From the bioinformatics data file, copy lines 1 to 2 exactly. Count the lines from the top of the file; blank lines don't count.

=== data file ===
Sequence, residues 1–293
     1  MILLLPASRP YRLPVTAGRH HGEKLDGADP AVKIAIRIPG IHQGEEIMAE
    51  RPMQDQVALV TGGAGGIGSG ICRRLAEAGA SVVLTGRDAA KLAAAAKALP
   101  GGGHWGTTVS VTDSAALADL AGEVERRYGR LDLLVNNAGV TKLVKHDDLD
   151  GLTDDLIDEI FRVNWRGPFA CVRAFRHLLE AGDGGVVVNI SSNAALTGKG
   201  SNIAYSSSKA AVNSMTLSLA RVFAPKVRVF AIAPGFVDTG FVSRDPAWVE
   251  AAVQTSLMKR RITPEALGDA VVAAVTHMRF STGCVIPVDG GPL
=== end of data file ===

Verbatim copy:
Sequence, residues 1–293
     1  MILLLPASRP YRLPVTAGRH HGEKLDGADP AVKIAIRIPG IHQGEEIMAE